The Democratic alternative Van Hollen offered would help with such expenses by increasing the maximum loan to 300 percent of monthly payroll from 250 percent in the initial aid package. The forgiveness standard wouldn’t be directly relaxed, but small firms would still get access to additional funds.

And Cardin said two other pots of money approved in previous aid packages also were woefully underfunded.

The Democrats’ amendment would bolster an SBA disaster loan account that’s been able to process about $7 billion in coronavirus-related loans, but has seen over $370 billion worth of applications, according to Cardin. And $15 billion would be added to a fund that lets small businesses get up to $10,000 cash advances on their disaster loans, after demand had already exceeded the initial $10 billion appropriated for that program.

Democrats also want to set aside $60 billion of the total SBA funds for lending to underserved rural and minority-owned small businesses, while making it easier for farmers and nonprofits to access the aid.

“Let’s take the opportunity to make some bipartisan fixes to allow this program to work better for the very people it’s designed to help — small businesses, nonprofits. That’s what they are asking us to do,” Van Hollen said.  

Breathing room?

Pelosi said Wednesday that the stand-alone $251 billion measure wouldn’t pass in her chamber, adding that the SBA had enough money to wait a few days while Congress negotiated an interim spending package.

Democrats want to add an additional $100 billion for hospitals and other health care providers and $150 billion for states — doubling amounts provided just weeks ago in the massive $2.3 trillion aid package. They also want to bolster food stamp benefits for low-income households and remove restrictions on election security grants so states don’t have to put up matching funds.

Republicans argued the other programs are just starting to see money roll out of the huge aid package enacted last month, and that the SBA is the only agency that needs an immediate cash infusion. McConnell said President Donald Trump wouldn’t sign the Democratic bill, which a senior administration official confirmed.

“We need more money for small businesses, and the president has been very clear. He’s happy to talk about other issues, such as hospitals and states, in the next bill. But, we wanted to go and get money for the small business program,” Treasury Secretary Steven Mnuchin said on CNBC Thursday.

The Paycheck Protection Program relies on an existing SBA guarantee program to give small businesses forgivable loans to cover up to eight weeks of payroll and other fixed costs. If the companies mostly use the money to pay their workers during the pandemic’s economic shutdown, then they won’t have to pay it back.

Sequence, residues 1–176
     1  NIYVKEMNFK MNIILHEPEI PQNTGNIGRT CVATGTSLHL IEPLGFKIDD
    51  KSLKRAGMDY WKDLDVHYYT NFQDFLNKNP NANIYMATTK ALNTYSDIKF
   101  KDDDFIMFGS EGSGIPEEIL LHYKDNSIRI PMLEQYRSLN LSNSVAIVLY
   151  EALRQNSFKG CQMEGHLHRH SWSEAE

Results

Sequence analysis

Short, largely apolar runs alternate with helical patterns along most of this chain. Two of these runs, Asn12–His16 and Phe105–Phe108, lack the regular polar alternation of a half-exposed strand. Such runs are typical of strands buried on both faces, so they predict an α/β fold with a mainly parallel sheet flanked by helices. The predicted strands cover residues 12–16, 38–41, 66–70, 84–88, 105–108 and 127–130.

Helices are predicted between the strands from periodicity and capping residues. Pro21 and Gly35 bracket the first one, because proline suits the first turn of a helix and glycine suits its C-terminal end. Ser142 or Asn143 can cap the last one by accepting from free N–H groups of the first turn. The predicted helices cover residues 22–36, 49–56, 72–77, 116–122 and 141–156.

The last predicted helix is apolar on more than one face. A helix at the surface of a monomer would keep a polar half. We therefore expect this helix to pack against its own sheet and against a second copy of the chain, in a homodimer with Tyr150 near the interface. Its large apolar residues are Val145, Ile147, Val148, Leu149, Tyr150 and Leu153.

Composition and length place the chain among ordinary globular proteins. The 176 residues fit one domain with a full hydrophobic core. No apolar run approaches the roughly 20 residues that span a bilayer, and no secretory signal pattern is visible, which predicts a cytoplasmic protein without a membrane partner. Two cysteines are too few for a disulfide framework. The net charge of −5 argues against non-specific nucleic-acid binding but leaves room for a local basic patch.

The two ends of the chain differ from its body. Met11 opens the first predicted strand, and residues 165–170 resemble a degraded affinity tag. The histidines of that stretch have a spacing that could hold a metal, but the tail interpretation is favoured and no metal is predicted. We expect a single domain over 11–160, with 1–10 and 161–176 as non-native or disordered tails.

By essentially paying small companies to keep their workers, the hope is to soften the number of layoffs caused by the economic shutdown. Thursday’s report of 6.6 million initial claims for unemployment last week means over 17 million workers have lost their jobs in the last month, exceeding the number of jobs lost during the 2008-09 recession.

Despite a rocky rollout that saw the SBA’s online loan portal crash and lenders complain over a lack of regulatory guidance, the program has been exceedingly popular. Senate Small Business Chairman Marco Rubio, R-Fla., tweeted Thursday that over $100 billion in loans to 400,000 small businesses had been approved since it began April 3.

“CONGRESS MUST APPROVE MORE [money] FOR PPP THIS WEEK,” Rubio also tweeted. “Don’t have time to horse trade. Improvements mean we could hit funding limit in days!”

The rapid depletion of the fund has many small-business owners worried that there won’t be any money left by the time they submit an application. Many lenders are only accepting applications from existing customers because the final interim rules issued by the SBA and the Treasury Department kept relatively lengthy anti-money-laundering paperwork requirements in place for new borrowers. Although Mnuchin told CNBC Wednesday that 3,500 lenders are now participating in the program, that still leaves out most of the nation’s banks and credit unions.

On Thursday morning, the Federal Reserve Board also announced it would offer $600 billion in loans to small and mid-size businesses through a lending facility funded by Congress’ third coronavirus relief package. 

Jennifer Shutt, Chris Cioffi and Lindsey McPherson contributed to this report.